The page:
Seven deadly wastes, pt.1: scrap

Article
14 Apr 2023

No one likes to talk about cost losses in the production process, and even less like to track the steps in the chain that might cause them. However, even Industry 4.0 isn’t immune to human factor, and accidental waste can just happen, and you have to deal with that.

   seven wastes in lean manufacturing diagram

According to Toyota Production System, which has given birth to many Lean manufacturing principles, there are seven possible causes for waste during the production process:

  • Defects (scrap)
  • Overproduction
  • Unnecessary motion
  • Unnecessary inventory
  • Waiting
  • Transporting
  • Inappropriate process organization

Often dubbed as “seven deadly wastes”, these cause can seriously hinder your production capacities and create huge cost losses at the facility. The good thing is, you can deal with them, and the process of waste elimination is easier than you think.

In this article cycle, we’ll try to address each of the “seven deadly wastes” and help you build a strategy on how to deal with them using modern solutions and increase your production efficiency. So, let’s begin with the first one on our list: scrap.

What is scrap?

Scrap is a material or part obtained during the manufacturing process, which is unusable in further production steps because it doesn’t meet the needed requirements. High scrap rates can significantly impact a company’s profit, so addressing the cause of scrap at your facility should be one of the priorities. 

Three main groups of scrap and their causes

A detail or material can be declared as scrap due to three main reasons:

  • Rejection in raw material form. This group includes scrap materials that were rejected due to spoilage, wrong transportation conditions, or wrong storage conditions. Sometimes, this group can also include materials that have shown off-specification performance characteristics during testing. In this case, the material cannot be processed further or add more processing value.
  • Rejection in partially processed form. Production processes often involve multiple steps to get the final detail, and the failure during any of them means that the part cannot take part in further production. This is the most common cause of scrap, and it accounts for the majority of cost losses.
  • Rejection in fully processed form. Some goods and parts can be declared as scrap after the production process is finished because they don’t meet the specification requirements. At this stage, one can make the scrapped parts into something usable by adding more labor or reworking the part.

As you can see, scrap can happen during any step of the manufacturing process, and it usually indicates some problems which cannot always be tracked visually. That’s why a modern facility should have the means of tracing the origins of the scrapped part and identify the causes of production deviations.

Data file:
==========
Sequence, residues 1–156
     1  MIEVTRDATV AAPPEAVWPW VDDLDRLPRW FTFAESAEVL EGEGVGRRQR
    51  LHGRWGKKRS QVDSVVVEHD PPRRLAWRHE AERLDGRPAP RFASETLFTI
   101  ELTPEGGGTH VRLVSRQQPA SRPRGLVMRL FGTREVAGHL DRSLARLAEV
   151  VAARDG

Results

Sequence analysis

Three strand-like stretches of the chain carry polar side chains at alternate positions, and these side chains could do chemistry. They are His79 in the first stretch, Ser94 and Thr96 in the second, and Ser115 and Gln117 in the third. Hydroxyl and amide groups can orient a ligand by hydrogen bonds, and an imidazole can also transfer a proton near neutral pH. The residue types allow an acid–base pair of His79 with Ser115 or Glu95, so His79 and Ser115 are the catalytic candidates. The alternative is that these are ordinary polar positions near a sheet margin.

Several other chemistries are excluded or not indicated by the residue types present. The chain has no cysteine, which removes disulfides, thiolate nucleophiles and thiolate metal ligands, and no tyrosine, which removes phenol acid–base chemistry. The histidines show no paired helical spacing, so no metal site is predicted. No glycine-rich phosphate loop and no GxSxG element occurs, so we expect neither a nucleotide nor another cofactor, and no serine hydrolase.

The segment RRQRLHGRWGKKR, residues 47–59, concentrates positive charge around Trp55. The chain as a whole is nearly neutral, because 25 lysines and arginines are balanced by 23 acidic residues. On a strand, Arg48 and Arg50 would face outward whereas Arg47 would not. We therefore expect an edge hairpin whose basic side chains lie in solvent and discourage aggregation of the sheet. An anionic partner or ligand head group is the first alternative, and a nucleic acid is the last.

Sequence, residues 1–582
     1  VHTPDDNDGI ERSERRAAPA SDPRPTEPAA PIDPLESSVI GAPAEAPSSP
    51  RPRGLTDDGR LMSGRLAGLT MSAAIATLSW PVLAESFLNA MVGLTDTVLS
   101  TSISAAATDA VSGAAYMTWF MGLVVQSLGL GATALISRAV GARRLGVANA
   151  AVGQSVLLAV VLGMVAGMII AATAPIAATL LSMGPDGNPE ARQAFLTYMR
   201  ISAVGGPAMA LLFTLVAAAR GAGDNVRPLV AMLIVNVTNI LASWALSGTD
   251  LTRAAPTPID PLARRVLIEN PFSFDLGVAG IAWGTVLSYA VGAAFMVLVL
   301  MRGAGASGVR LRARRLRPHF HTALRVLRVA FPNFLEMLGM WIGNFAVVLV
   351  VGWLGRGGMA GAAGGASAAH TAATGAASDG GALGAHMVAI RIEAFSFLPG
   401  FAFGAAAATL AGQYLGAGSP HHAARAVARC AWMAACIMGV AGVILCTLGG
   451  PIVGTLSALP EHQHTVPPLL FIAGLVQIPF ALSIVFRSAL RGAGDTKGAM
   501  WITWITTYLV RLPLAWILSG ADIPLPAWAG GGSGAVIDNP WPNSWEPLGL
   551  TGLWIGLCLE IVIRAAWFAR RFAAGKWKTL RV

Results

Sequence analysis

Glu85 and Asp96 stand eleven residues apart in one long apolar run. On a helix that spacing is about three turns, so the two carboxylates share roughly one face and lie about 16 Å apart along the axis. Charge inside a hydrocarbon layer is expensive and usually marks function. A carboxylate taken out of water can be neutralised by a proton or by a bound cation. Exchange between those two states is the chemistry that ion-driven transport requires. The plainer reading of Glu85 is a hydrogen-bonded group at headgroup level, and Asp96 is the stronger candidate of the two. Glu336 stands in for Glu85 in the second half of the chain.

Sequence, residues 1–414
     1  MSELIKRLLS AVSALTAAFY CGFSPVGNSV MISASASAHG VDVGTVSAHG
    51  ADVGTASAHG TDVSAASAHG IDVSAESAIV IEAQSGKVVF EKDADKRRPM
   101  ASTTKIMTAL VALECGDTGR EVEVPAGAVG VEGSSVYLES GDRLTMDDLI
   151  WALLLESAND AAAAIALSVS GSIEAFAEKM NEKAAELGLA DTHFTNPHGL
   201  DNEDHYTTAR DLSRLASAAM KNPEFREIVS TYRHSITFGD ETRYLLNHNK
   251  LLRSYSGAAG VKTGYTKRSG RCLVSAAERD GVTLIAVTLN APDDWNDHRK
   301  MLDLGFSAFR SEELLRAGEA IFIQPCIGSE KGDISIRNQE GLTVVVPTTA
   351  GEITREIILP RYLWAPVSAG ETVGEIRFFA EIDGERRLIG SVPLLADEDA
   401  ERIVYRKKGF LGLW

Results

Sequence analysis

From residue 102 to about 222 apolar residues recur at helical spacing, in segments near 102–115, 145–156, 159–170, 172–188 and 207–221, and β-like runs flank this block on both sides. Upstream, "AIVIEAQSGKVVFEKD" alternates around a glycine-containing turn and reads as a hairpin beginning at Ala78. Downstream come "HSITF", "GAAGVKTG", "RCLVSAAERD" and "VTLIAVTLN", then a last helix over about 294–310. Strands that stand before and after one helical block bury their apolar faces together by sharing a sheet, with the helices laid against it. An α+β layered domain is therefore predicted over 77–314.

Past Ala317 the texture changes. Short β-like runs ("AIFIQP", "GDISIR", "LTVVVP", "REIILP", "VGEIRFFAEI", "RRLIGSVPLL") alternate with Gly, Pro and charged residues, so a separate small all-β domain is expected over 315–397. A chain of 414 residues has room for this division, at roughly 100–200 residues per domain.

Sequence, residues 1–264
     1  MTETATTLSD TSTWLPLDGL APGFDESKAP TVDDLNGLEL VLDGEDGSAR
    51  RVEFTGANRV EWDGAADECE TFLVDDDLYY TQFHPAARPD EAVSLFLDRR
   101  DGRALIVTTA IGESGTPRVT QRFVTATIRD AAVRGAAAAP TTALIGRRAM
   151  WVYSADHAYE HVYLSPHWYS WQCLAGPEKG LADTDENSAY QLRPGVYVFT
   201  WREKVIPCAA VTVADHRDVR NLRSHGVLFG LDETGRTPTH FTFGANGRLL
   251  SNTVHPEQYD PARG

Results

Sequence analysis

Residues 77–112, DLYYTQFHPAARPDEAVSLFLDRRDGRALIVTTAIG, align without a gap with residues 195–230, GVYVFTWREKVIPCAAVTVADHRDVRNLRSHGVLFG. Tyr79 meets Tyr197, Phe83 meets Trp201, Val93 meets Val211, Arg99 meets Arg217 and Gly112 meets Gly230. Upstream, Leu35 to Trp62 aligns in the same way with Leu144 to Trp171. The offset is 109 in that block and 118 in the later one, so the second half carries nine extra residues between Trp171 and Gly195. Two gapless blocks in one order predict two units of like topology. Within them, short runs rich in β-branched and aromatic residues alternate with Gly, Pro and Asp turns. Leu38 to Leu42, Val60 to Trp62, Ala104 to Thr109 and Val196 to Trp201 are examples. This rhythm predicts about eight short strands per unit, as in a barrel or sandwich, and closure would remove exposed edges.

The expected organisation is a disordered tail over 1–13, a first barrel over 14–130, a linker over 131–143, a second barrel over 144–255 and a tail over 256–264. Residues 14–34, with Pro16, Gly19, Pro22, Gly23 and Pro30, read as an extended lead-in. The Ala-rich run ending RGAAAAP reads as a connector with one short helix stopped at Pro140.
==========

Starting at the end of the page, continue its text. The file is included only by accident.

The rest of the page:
How to identify and deal with scrap?

When it comes to managing waste, some project methodologies, such as Lean Six Sigma, have already developed the strategies directed at reducing waste and repurposing the scrapped details that are already happened.

Most common methods of scrap management could be broken down into two groups:

  • Preventive methods: data and production monitoring, preventive maintenance, and process optimization.
  • Root cause analysis: facility audit, improved training sessions for shop workers, management change, review of material sourcing, etc.

Preventive methods include using software that can help you automate certain operations, such as data collection, equipment monitoring, and employee training. 

For example, AGW Quality module helps you to declare scrapped parts or details in a few simple steps, and uses tools like heat maps to specify the repeated defects, so you can pinpoint the exact cause.

You can also specify the cause of scrap and store the data in the system, which allows you to use the AGW reporting tool and create detailed diagrams that show your progress in waste management and the changes in scrap rate. 

Analyzing reports will help you identify the root cause of high scrap rates and optimize the production process. Depending on the cause of the high scrap rate, you can choose one of the following optimization scenarios:

  • Obsolete equipment: conducting an in-depth facility audit and identifying the exact production capacities. Upgrading the equipment or optimizing the workflow using current capacities.
  • Human factor: conducting training sessions for shop workers and skill reassessment. Including learning sequences in order to achieve the needed level of skills, or adding learning sequences using AGW checklists or documentation features.
  • Low-quality materials: reviewing material sourcing.

 

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